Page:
The Real Deal New York

Carriage House faces $20M in lender suits

August 27, 2009 12:16PM
By Adam Pincus

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The developer of a troubled luxury condominium conversion project in Chelsea is facing lawsuits from two lenders for a total of roughly $20 million.

Flatiron District-based Broad Mill Development Group converted a former 1901 horse stable building at 159 West 24th Street at Seventh Avenue into 24 high-end apartments.
(Note: correction appended)

But in the midst of the economic downturn, Carriage House Chelsea has not been able to repay its loans.

In 2006, Broad Mill took out $14.5 million in acquisition and development loans from Midfirst Bank, based in Oklahoma. But after the borrowers failed to repay by May 1, after two extensions, Midfirst Bank filed suit in June in New York State Supreme Court to foreclose on the loan.

James Kuhn, president of commercial brokerage Newmark Knight Frank, was appointed receiver in mid-June, subsequent court filings show.

And this month, Midtown-based lender Terra Capital Partners sued for repayment of a $3.1 million, one-year mezzanine construction loan, state court papers filed Aug. 14 say.

With fees and interest, the two suits seek a combined $19.47 million, the filings show.

Making matters more difficult for the developer, the suits are claiming the development’s investors Eamon Roche, Eric Gray and Joshua Sacks, all affiliated with Broad Mill, have personal guarantees on the loans.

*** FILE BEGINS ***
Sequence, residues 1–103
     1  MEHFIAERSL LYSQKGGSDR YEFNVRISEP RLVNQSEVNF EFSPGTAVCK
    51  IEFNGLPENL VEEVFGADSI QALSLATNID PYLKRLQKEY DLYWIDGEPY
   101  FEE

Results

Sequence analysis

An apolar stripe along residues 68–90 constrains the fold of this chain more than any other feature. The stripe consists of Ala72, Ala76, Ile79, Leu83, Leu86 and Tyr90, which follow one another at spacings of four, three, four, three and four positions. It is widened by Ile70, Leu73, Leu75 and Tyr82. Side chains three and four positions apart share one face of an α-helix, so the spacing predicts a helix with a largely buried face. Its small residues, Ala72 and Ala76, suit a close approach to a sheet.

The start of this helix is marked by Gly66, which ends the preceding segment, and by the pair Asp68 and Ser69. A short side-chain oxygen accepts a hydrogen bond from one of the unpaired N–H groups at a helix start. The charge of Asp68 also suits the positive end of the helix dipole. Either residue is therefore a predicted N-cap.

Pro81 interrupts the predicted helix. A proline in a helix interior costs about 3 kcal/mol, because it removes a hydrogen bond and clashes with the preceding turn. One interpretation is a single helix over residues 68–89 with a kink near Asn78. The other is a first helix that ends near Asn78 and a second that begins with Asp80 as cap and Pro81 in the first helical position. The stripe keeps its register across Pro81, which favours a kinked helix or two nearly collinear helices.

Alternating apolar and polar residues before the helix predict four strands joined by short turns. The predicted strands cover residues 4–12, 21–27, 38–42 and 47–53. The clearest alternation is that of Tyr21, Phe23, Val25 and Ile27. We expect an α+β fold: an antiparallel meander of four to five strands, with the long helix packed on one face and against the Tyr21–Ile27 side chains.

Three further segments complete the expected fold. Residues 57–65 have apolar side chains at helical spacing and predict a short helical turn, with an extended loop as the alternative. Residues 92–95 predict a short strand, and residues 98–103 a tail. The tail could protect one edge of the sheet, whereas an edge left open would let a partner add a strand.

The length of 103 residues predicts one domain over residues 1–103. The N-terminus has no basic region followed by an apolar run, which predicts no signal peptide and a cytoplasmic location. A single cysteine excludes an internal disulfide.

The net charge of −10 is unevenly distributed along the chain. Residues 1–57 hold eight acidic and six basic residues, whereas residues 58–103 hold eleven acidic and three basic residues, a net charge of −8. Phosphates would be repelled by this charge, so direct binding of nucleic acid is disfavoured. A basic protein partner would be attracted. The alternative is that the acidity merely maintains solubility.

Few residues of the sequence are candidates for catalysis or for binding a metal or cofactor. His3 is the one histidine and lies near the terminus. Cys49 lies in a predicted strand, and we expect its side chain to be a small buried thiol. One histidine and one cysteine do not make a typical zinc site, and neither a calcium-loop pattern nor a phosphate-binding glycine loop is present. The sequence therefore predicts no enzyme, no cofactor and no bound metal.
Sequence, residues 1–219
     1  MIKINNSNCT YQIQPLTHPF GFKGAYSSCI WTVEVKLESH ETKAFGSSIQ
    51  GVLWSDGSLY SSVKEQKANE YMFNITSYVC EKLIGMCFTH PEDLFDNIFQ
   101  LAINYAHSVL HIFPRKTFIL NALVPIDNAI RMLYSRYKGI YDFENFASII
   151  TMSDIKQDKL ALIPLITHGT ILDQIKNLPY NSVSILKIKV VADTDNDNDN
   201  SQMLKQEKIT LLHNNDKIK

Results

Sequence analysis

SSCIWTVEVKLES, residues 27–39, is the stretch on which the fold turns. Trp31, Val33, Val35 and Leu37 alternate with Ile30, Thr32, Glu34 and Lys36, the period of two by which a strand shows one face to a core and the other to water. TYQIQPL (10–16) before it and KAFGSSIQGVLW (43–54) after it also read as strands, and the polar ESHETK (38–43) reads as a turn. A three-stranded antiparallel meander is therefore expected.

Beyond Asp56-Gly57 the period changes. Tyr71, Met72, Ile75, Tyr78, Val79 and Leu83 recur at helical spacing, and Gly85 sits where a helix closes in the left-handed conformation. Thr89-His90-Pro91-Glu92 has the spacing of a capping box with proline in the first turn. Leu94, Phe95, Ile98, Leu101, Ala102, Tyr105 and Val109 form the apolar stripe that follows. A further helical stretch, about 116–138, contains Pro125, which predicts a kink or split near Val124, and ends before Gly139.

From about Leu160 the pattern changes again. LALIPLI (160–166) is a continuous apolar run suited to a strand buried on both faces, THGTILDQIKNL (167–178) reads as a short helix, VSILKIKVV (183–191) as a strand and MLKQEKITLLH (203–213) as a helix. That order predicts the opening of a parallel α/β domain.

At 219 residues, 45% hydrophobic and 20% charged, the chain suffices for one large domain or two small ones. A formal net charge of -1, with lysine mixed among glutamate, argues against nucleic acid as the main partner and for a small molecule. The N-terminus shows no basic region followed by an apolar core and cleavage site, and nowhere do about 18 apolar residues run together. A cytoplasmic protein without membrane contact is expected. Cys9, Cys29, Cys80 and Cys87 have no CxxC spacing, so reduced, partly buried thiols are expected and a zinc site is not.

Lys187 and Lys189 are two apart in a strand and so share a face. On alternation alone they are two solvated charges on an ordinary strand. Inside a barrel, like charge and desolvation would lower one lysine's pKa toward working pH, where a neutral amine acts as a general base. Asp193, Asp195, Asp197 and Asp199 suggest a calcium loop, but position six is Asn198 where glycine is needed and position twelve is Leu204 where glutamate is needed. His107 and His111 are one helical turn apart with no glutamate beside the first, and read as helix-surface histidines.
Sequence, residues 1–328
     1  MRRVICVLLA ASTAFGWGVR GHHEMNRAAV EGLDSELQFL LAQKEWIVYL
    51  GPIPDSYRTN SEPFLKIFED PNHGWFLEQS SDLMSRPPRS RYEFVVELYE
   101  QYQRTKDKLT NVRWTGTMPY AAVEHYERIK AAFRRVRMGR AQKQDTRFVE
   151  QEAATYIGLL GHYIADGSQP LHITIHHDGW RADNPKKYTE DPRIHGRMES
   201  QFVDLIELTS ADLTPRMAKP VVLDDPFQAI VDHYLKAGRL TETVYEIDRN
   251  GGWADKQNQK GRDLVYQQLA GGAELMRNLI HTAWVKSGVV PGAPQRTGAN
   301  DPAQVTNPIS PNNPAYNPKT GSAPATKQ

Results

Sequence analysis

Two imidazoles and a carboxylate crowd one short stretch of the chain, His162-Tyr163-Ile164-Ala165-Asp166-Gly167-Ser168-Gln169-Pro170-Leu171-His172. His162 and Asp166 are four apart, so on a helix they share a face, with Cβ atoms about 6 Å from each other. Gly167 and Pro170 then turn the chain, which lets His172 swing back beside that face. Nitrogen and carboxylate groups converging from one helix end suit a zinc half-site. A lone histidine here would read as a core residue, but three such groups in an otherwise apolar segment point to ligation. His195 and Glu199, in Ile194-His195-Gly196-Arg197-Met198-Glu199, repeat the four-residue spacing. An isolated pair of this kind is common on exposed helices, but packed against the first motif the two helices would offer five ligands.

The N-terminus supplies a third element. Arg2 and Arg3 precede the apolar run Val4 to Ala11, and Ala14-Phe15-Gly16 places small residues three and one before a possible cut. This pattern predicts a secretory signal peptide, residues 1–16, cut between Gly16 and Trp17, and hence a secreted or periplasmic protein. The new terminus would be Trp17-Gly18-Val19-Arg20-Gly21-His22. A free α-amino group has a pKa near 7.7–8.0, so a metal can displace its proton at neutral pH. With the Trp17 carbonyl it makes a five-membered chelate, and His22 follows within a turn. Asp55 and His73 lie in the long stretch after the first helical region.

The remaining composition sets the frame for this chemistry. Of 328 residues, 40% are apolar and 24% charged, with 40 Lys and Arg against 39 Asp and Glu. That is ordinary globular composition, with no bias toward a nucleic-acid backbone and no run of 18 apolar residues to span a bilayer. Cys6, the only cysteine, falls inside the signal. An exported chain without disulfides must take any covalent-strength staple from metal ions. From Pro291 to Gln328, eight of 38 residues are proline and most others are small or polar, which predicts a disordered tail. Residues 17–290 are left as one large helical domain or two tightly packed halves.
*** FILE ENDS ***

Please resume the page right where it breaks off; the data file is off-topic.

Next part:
An attorney for Terra Capital declined to comment, as did Midfirst. The developer and investors did not respond to a request for comment.

And while Midfirst is suing to foreclose and then go after the personal guarantees for any losses, Terra Capital is foregoing a foreclosure and suing for breach of contract only, seeking the $3.1 million plus $877,542 in interest and fees.

Although work is mostly completed, the building does not yet have a certificate of occupancy, according to the city Department of Buildings’ Web site. The units were listed for prices as high as $1,369 per square foot for a one-bedroom, but no units are currently listed, Streeteasy.com shows. Citi Habitats Marketing Group was marketing the building, but did not return telephone calls for comments.

In addition, there are 25 mechanic’s liens with a total claim of $1.3 million in unpaid contractor bills filed between February and July against the property, records filed with the New York County Clerk show.

Experts said they were seeing more mezzanine lenders suing under contract breaches for personal guarantees instead of foreclosing as the value of real estate has dropped, giving the loans little or no value.

“I expect that as property levels decline you will see more. Where the subordinate debt position is reduced or the value is eliminated, the only alternative is to chase the guarantors,” real estate attorney Kevin O’Shea, managing partner of law firm Allen & Overy, said. He was not involved with the litigation.

One prospective condo buyer at the building, Massey Knakal Realty Services first vice president of sales Brock Emmetsberger, toured the building earlier this year and said it was mostly completed. He was not involved in the project, but had been considering a purchase for himself.

One popular way out of slow condo sales is to convert a building to a rental, but Emmetsberger expected it would be difficult for the developer because of the costs to create the luxury units.

“I assume with the combination of the price of the land and the construction costs, I am not sure rents would be high enough to carry the debt,” he said.

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